Mr. Chakrabarti has taken a more urgent stance. “The thing we as a city have to understand is, we’ve been promoting all this waterfront development, and most of that waterfront development is happening in the zone that is getting evacuated right now,” he said in a telephone interview. “We’re talking about thousands and thousands of housing units. It’s fine for that housing to be there, but we have to figure out a way to protect it all.”
But Mr. Chakrabarti also has a simple solution. Well, if the world’s largest floodgates would qualify as simple.
Yesterday a room of sharply dressed archivists, librarians and book conservators burst into laughter at a joke about mildew. They’re a funny bunch, these keepers of our national record, excited by different things than you and I. When they mention the billions of records, of which only a sliver has been digitized, currently stored in limestone caves in Lenexa, Kan., their eyes light up like deep-sea explorers contemplating the ocean. They all have stories to tell.
Stories like the time they found a trove of Walt Whitman documents written while he was a clerk in the Attorney General’s office. They were forgotten documents, which were only identified by a scholar who recognized the handwriting and made the connection. Or the photo unearthed of FDR standing beneath the newly laid keel of the USS Arizona in 1913, while the then-secretary of the navy was touring the Brooklyn Navy Yards. The same ship, of course, whose destruction in Pearl Harbor 28 years later would lead to arguably FDR’s most famous speech, and with it a declaration of war. As with any explorers, when they talk about the often serendipitous thrill of discovery, their enthusiasm is infectious.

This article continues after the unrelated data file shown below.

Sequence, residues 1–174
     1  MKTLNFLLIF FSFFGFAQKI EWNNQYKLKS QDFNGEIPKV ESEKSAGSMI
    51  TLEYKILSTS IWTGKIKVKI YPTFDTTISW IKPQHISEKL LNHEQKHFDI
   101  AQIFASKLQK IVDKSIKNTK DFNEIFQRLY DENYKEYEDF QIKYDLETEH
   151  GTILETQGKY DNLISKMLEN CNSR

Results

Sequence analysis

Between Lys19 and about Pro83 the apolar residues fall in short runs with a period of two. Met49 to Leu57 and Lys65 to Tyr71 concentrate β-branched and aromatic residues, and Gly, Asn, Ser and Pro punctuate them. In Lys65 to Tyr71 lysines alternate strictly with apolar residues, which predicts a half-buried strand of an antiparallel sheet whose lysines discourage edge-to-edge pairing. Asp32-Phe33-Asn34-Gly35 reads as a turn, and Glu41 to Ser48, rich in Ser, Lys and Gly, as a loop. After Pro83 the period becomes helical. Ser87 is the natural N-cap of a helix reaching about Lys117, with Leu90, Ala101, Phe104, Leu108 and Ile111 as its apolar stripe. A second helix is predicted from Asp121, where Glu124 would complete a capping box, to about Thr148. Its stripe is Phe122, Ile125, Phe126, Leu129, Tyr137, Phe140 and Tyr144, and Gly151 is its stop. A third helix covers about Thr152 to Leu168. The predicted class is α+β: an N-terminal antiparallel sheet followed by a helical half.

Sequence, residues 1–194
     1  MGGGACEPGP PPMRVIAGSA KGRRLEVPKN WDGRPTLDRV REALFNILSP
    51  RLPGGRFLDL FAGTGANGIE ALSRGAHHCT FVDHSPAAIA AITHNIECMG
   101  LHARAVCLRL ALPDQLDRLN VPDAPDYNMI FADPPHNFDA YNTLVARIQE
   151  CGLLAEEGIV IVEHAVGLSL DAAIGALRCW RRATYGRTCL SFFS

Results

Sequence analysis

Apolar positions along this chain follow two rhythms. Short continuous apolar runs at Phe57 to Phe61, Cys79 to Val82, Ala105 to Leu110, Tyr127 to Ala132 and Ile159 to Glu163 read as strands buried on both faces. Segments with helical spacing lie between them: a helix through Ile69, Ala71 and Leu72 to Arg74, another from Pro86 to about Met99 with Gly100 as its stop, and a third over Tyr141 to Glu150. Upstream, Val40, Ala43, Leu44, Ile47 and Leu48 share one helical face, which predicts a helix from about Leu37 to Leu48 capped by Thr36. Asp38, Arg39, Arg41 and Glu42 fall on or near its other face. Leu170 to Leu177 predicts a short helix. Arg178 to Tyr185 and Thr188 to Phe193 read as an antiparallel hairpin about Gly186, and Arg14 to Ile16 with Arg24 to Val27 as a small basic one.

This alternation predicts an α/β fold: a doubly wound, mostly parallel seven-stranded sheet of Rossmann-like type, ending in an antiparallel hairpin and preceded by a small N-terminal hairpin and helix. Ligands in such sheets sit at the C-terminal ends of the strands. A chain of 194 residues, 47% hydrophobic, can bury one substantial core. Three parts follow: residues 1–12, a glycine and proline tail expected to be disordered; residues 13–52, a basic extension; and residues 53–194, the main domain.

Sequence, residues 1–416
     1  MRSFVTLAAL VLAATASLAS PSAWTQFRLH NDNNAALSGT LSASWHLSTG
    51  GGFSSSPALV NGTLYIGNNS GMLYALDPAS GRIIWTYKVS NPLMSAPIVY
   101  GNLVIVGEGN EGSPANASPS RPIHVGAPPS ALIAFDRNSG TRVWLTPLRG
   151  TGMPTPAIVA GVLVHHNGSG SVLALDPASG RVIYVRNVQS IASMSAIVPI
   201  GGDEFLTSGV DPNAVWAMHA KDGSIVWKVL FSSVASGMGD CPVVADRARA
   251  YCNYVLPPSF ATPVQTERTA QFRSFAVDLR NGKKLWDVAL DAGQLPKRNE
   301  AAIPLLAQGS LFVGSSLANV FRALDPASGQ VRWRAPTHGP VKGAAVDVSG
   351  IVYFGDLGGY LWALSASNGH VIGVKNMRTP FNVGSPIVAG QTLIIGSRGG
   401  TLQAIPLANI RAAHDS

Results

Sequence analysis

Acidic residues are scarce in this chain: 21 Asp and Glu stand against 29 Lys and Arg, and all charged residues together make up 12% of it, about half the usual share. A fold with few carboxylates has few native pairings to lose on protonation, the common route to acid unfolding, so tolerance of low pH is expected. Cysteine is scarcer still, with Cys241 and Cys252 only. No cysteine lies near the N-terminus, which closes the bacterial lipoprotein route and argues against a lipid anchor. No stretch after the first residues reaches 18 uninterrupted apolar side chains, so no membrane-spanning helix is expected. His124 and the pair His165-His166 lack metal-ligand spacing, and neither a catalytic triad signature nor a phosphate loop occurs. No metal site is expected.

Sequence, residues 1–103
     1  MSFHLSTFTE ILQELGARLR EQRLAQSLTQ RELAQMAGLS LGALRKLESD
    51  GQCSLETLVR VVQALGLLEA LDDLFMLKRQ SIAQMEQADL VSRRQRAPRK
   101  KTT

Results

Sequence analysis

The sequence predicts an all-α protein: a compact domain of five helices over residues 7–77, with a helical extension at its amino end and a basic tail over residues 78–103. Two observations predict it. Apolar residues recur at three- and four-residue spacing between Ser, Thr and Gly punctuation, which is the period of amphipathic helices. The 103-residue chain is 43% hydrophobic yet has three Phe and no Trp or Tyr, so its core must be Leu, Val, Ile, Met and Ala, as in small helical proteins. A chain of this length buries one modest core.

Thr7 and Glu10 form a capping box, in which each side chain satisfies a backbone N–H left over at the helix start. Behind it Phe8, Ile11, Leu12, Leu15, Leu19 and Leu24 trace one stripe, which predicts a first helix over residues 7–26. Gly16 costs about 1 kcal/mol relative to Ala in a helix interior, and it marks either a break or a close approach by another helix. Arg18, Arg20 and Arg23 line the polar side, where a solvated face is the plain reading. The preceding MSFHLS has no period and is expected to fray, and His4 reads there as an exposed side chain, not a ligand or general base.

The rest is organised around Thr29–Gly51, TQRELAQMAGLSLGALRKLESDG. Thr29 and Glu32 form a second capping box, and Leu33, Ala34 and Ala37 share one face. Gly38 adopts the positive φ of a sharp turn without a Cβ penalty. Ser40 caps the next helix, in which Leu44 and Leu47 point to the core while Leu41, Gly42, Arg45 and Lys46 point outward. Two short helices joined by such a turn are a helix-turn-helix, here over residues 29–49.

Red Carpet Real Estate
While waiting to take a tour of 4 World Trade Center recently, someone whispered in The Observer’s ear that if we looked closely, we would get a look at Russell Simmons’s Buddha. His what?
Turns out this was not some sick joke. As is well-known (from the various signs he has hung in his windows over the years), Mr. Simmons, the rap mogul, lives across the street at 114 Liberty Street. Or rather used to—the Def Jammer is trying to sell the place for $11 million as he moves out to the West Coast for good.